MEDICAL AUDIO ALARM DISTRIBUTED DETECTION AND ALERT SYSTEM

A system for detecting medical audio alarms. The system includes a detector and a server. The detector further comprises a microphone that is configured to receive a sound of the alarm; a microcontroller configured to determine an alarm pattern from the sound and to compare the determined alarm pattern to a plurality of patterns stored in a memory to identify a cause of the alarm; and a network interface configured to transmit the cause of the alarm. The server is configured receive the cause of the alarm and provide notification of the cause of the alarm.

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Description

Pursuant to 37 C.F.R. § 1.78(a)(4), this application claims the benefit of and priority to prior filed co-pending Provisional Application Ser. No. 62/984,326, filed Mar. 3, 2020, which is expressly incorporated herein by reference in its entirety.

RIGHTS OF THE GOVERNMENT

The invention described herein may be manufactured and used by or for the Government of the United States for all governmental purposes without the payment of any royalty.

FIELD OF THE INVENTION

The present invention relates generally to medical alerts and, more particularly, to audio alerts associated with medical alerts.

BACKGROUND OF THE INVENTION

A conventional hospital patient room 10 includes a few standard devices: a rolling bed 12 having an adjustable mattress 14 and side rails 16, an IV pump 18 secured to a stand 20 that also supports a IV bag 22 containing a fluid 24, and a vital signs monitor 26 that is configured to measure at least heart rate, blood pressure, and SpO2. Other devices may be included, depending on the type of care required by the patient and shown exemplarily shown in FIG. 1, may include compression socks device 28 and a ventilator 30. However, this should not be considered to be an exhaustive listing of potential devices found in a hospital room 10.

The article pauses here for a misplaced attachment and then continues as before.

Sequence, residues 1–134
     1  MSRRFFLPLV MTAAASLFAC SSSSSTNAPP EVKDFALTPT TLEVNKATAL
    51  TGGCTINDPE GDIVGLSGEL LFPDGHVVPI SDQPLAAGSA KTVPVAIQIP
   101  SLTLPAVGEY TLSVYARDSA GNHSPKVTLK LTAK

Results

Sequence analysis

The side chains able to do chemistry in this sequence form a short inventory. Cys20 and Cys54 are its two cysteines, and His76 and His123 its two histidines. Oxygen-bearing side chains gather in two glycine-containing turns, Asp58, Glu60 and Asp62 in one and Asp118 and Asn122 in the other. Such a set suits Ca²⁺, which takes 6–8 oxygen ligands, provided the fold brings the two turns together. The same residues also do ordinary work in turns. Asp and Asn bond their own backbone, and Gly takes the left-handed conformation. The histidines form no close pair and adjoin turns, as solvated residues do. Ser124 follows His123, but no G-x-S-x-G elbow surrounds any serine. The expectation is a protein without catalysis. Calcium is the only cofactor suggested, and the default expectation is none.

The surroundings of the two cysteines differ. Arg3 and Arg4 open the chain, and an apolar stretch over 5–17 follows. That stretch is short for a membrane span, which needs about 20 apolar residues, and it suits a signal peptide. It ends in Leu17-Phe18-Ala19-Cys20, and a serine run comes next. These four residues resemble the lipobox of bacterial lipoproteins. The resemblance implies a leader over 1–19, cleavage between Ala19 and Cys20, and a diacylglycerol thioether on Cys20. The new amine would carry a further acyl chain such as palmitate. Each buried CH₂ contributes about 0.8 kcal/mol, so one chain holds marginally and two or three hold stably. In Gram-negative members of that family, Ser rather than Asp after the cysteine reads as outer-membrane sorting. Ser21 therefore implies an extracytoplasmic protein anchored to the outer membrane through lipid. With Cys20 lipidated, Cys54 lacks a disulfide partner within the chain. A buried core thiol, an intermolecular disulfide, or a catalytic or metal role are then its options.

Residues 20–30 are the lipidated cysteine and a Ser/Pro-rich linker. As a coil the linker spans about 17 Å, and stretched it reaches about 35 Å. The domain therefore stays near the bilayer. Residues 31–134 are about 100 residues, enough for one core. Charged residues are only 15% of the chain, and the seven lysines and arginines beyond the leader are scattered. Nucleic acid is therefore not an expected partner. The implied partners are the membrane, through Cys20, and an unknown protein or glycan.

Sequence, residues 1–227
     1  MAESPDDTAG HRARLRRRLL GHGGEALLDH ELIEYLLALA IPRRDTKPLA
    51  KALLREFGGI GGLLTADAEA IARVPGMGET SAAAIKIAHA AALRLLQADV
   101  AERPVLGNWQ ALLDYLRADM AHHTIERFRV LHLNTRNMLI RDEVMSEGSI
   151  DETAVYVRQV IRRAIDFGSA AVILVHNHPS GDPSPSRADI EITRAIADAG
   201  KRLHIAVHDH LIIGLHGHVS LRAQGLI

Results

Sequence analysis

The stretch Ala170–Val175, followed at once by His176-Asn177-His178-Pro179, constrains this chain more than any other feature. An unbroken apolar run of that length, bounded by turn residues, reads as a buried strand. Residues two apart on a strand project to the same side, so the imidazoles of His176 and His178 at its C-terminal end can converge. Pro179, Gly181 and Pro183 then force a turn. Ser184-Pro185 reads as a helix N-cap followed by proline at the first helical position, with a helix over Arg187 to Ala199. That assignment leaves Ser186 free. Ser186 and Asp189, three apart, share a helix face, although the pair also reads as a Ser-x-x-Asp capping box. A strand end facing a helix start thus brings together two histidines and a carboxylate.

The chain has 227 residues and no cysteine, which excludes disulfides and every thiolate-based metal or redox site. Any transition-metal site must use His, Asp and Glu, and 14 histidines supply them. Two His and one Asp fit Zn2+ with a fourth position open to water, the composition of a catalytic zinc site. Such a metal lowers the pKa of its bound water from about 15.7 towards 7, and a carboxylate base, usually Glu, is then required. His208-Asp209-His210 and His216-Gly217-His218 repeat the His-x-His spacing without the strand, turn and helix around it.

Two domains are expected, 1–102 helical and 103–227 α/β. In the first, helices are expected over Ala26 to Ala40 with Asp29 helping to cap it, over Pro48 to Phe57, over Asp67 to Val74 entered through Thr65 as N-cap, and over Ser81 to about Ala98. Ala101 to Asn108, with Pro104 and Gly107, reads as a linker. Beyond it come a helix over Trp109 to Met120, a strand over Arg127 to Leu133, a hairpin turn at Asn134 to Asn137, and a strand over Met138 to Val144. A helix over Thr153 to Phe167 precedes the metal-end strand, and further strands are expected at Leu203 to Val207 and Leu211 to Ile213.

Many of the devices found within the hospital room 10 incorporate at least one sensor configured to detect a physiological parameter of the patient or an operational parameter of the item itself. For instance, the rolling bed 12 may include a weight sensor (not shown) for detecting weight, i.e., whether patient is in the bed; the IV pump 18 may include a sensor for detecting low power supply (whether battery or disconnected from power outlet), a sensor for detecting pump malfunction, and a sensor for detecting low fluid levels within the IV bag 22; the vital signs monitor 26 may include a sensor for detecting lower power supply (whether battery or disconnected from power outlet), a sensor for detecting malfunction of the monitor 26, a sensor for detecting blood pressure, a sensor for detecting heart rate, and a sensor for detecting blood oxygen saturation. Some devices within the room may have an alarm that is associated with all sensors of that device—that is, the device will produce one alarm for any triggered sensor. Other devices may have distinct alarms associated with different sensors. For example, the vital signs monitor 26 may have a first alarm pattern associated with the detection of low power and a second alarm pattern associated with the detection of low blood pressure measurements. Therefore it is possible that each hospital room 10 can produce tens to hundreds of alarms per hospital staff shift. The sheer number of alarms that can lead to alarm fatigue, which is a sensory overload that occurs when hospital staff is exposed to an excessive number of alarms that result in desensitization.